“Supporting shareholder proposals now plays an increasingly important role in our stewardship efforts, particularly around sustainability. We will support a shareholder proposal when we agree with its intent to address a material business risk and believe that management can do better in managing and disclosing that risk. We may also support a proposal if management is on track, but we believe that the proposal will help accelerate their progress. This year, we expect to support more environmental and social shareholder proposals than we have in the past.”
However, BlackRock’s increased support for proposals on climate and other environmental, social and governance (ESG) issues comes amid continued scrutiny by many smaller socially responsible and other ESG investors, who claim the asset management giant’s rhetoric on climate change has lacked follow-through.
For example, climate activists such as Majority Action and the Sierra Club, an environmental organization, are keeping a close eye on key votes on shareholder proposals and director elections at companies in the automotive, banking, electricity generation, and oil and gas industries to see if BlackRock “takes stronger voting action,” says Ben Cushing, senior campaign representative leading the Sierra Club’s financial advocacy campaign. “I’m cautiously optimistic about the shift in BlackRock’s voting policy,” he says.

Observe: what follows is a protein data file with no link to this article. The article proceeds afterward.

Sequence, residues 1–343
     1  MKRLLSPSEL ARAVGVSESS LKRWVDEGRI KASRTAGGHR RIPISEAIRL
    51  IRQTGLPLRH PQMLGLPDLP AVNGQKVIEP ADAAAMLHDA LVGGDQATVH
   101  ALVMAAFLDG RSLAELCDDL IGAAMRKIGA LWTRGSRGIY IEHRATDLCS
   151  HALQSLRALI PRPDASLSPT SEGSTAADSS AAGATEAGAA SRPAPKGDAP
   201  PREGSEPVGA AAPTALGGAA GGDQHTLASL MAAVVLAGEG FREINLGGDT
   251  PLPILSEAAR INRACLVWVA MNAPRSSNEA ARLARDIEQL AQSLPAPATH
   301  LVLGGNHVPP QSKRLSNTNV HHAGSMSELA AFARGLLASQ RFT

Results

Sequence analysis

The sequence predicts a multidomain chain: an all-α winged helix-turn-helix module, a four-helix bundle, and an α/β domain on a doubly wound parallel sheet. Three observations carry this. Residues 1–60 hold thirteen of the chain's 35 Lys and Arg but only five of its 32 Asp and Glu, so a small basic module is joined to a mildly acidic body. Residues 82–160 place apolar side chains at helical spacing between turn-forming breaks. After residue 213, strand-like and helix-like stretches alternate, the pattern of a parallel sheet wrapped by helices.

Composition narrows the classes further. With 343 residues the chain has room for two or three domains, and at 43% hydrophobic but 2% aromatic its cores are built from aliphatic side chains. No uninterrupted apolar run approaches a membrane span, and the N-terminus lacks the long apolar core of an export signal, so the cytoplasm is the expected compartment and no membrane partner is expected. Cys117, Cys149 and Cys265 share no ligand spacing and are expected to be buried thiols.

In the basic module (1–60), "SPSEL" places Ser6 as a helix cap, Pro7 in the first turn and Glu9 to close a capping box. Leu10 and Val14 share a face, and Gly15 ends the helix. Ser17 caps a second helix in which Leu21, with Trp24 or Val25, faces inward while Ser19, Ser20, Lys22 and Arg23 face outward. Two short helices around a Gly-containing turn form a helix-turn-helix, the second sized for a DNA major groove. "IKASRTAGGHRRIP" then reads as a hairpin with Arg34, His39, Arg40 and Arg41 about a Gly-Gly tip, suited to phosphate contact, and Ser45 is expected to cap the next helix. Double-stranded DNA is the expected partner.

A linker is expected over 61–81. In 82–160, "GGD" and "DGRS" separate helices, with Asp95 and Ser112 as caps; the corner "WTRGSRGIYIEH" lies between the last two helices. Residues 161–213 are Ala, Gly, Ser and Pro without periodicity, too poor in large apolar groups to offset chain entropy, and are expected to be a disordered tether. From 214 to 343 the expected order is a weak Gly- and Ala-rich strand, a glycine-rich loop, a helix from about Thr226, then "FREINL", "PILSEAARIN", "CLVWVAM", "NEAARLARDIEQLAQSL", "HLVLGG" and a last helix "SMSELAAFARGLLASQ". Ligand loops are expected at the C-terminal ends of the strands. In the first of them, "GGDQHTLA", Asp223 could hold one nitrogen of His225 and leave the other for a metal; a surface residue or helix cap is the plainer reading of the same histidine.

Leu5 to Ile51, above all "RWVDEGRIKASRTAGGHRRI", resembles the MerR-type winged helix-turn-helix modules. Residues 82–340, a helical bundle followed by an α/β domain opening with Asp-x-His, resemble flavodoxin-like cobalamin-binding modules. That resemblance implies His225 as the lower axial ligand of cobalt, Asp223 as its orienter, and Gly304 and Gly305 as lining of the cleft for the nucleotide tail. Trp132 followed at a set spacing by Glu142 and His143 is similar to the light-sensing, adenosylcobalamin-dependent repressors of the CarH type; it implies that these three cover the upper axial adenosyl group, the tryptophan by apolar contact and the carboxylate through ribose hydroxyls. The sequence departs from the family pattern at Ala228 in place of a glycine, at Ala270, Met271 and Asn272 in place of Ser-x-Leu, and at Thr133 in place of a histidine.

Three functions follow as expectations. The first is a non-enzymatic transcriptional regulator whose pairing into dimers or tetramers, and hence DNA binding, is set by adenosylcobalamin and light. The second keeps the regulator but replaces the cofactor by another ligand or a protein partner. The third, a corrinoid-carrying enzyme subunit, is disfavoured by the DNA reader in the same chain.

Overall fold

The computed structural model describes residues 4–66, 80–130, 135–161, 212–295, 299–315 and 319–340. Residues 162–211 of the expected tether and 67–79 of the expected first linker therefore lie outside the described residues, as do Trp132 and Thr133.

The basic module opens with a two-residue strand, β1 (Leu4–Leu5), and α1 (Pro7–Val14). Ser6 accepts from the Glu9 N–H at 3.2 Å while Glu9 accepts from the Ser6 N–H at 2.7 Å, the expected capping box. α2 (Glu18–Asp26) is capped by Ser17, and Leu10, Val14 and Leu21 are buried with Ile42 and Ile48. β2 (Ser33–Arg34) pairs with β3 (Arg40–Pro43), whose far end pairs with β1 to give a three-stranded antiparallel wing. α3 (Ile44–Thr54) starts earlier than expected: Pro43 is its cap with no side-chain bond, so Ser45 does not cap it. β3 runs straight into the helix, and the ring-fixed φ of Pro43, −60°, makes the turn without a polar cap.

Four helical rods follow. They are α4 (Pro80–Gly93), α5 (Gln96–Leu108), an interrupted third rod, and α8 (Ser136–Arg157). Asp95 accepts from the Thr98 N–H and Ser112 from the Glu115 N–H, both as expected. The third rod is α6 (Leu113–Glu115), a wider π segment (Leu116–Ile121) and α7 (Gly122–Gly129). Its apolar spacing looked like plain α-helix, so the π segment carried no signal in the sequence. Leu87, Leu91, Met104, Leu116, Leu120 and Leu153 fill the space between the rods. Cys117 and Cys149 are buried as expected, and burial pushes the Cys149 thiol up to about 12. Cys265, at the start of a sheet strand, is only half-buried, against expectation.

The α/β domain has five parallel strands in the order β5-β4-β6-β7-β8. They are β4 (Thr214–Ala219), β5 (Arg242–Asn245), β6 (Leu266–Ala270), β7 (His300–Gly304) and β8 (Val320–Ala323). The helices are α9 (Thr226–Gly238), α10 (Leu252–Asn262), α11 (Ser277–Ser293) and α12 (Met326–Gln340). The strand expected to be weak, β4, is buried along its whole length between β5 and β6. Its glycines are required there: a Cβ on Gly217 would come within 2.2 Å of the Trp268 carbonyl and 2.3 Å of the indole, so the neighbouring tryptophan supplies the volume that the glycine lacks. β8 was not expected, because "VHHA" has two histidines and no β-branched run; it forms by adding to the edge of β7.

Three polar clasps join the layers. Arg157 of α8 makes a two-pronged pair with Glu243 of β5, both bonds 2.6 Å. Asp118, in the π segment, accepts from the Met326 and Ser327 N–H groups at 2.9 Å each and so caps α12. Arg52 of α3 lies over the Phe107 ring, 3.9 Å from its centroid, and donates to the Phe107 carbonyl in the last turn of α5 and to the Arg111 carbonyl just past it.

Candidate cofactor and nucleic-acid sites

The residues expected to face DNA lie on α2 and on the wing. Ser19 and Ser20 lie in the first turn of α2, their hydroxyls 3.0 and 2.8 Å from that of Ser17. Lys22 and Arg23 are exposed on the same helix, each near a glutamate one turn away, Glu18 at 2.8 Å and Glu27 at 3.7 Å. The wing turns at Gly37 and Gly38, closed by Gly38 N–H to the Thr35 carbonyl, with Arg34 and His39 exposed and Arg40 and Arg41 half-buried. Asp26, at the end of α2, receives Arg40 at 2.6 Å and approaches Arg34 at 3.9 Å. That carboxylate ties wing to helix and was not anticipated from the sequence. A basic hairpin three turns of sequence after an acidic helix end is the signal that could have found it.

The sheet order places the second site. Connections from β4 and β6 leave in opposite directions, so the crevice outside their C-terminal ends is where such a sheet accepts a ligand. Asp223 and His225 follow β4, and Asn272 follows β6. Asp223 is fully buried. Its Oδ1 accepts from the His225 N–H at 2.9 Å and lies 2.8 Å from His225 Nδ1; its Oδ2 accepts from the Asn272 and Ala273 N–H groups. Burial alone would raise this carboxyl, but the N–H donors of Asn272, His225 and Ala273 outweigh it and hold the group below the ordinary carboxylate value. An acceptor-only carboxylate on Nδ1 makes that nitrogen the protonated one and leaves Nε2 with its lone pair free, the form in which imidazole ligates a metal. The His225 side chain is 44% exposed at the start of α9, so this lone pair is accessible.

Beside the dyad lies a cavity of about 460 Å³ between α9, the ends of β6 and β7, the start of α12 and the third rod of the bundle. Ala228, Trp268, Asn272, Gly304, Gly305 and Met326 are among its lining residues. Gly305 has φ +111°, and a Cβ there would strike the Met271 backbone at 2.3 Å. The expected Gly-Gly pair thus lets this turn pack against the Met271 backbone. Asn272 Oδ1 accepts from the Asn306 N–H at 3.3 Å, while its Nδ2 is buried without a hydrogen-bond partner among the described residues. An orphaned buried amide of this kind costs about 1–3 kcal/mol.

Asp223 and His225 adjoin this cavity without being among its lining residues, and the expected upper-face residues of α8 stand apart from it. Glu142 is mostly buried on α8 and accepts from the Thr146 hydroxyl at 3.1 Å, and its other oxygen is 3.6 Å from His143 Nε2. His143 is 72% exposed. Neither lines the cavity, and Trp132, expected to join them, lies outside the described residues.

But the groups have found cause for concern. Indeed, one such vote at Wells Fargo this week caught their eyes. Majority Action and the Sierra Club both recommended investors vote against Wells Fargo chairman Charles Noski due to the bank’s fossil fuel funding and other climate-related concerns. According to preliminary results announced by Wells Fargo, all directors got majority support. The Sierra Club sent about 7,000 messages to BlackRock and Vanguard executives asking the firms to vote against Noski, Cushing says.Agenda – BlackRock Backs Climate Resolutions While Critics Question Impact